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Lobsang Sangay is sworn in as new prime minister of Tibetan exiles

Harvard-trained academic Lobsang Sangay vows to fight Chinese 'colonialism' at his swearing-in as the new political head of Tibetan exiles. But will he have clout?

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In a brief interview with The Christian Science Monitor ahead of his swearing in, Sangay said he would negotiate with China even though Beijing does not recognize his exile government.

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Pointing to his 16 years of experience reaching out to Chinese people, scholars, and students, Sangay says he believes in dialogue. “I have a track record,” he says, “and if Beijing is interested and wishing to negotiate and resolve the issue of Tibet, I am willing to extend my hands, which I have always done.”

Beijing on the other hand, has made a series of allegations against Sangay and even ruled out any talks with him as a new representative of the Tibetan exiles.

A top priority, says Sangay, is to form a team of capable and dedicated professionals to serve as ministers to his new cabinet. Together they will focus on professional changes in the system, improving the education system, and hopefully implementation of new policies.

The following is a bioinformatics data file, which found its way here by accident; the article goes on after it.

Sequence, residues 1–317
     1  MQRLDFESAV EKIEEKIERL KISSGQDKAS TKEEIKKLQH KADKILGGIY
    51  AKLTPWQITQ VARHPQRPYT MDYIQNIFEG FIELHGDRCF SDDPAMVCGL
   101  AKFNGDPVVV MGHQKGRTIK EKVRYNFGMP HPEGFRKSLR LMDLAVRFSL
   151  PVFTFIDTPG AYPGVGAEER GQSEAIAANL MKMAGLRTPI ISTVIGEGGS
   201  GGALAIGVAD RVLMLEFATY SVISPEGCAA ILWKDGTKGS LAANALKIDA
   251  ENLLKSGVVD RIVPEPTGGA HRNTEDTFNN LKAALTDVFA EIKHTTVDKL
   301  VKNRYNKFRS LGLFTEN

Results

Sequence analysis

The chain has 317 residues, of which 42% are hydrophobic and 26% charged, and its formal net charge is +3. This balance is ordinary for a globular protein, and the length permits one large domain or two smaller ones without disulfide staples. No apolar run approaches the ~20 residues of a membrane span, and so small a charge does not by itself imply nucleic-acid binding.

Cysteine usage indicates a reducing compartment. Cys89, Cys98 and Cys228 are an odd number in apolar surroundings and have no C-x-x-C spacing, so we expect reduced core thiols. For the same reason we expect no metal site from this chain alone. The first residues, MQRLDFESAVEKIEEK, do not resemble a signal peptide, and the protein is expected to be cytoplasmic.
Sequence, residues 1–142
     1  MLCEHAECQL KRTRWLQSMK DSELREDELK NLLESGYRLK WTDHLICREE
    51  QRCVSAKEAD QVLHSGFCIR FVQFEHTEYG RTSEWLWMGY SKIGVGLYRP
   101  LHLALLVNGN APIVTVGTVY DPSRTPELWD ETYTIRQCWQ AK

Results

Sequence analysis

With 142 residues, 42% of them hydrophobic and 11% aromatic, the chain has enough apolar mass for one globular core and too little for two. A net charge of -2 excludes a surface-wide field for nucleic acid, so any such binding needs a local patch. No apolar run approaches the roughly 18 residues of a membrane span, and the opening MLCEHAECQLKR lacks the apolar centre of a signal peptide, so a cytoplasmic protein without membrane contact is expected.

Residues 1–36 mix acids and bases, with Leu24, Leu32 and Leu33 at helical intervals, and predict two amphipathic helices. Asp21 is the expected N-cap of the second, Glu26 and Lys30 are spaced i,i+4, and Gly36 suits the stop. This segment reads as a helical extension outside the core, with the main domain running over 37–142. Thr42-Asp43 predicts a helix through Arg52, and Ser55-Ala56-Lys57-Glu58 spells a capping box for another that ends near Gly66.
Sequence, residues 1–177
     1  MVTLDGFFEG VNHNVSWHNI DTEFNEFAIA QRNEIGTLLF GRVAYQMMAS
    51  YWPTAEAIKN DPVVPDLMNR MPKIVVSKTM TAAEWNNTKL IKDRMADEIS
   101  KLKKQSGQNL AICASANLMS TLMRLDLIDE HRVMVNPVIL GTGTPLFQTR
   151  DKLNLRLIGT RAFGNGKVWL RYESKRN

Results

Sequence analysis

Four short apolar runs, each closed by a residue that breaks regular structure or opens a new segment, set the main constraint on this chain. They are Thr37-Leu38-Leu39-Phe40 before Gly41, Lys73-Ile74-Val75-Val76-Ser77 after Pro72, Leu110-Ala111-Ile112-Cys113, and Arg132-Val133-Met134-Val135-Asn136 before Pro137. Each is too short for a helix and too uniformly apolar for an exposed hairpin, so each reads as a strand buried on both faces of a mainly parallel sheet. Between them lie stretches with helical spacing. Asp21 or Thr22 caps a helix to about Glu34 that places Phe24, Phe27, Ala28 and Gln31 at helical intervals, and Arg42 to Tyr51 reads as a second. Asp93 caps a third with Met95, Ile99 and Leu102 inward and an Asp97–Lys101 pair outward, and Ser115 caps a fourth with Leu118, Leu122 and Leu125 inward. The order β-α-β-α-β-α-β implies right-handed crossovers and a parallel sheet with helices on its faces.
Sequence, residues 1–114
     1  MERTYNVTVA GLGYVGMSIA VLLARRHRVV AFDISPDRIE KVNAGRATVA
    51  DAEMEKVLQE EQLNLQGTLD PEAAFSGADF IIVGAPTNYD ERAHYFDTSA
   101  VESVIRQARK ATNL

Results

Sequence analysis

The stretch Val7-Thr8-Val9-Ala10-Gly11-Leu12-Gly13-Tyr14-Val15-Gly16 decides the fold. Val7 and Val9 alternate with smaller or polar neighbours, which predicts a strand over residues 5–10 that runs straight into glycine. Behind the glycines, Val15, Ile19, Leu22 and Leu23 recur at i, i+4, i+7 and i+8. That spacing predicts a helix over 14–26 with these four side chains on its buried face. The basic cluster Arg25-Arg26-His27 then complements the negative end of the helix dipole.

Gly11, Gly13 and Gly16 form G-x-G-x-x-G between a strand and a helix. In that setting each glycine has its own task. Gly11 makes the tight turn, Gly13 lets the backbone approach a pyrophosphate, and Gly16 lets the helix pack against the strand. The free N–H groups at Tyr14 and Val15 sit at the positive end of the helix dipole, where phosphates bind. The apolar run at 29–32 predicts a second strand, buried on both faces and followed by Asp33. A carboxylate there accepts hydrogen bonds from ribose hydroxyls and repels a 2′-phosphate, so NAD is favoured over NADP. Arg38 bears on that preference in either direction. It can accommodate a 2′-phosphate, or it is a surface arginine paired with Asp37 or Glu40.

Still, experts worry that Sangay’s name, which is obviously less familiar than the Dalai Lama’s, could affect how much he can actually influence international policy.

“It's unlikely that Lobsang Sangay can take up the political role of the Dalai Lama, as much of the world views the latter as both a religious and political figure and many Tibetans view him as akin to a god, even if he doesn't see himself that way,” said Barry Sautman, an expert on Tibet and an associate professor at Hong Kong University of Science & Technology, in an e-mail.

He said that, at least at first, the Dalai Lama’s role won’t actually be reduced as much as he claims. “In fact, the Dalai Lama continues to travel to meet important national leaders, where he inevitably discusses political matters and it would be very surprising if he doesn't continue to do so within the Tibetan exile community and administration," says Dr. Sautman.

With a special nod to Chinese tradition, Sangay was sworn in on a significant day at a significant time: Aug. 8, at 9:09 (and 9 seconds). In Chinese numerology, the number nine symbolizes longevity. China held the Beijing Olympics on Aug. 8, 2008, at 8:08 p.m., (and 8 seconds), because the number eight symbolizes prosperity. With such attention to detail, “how could the Chinese be bad to me?” asked Sangay.


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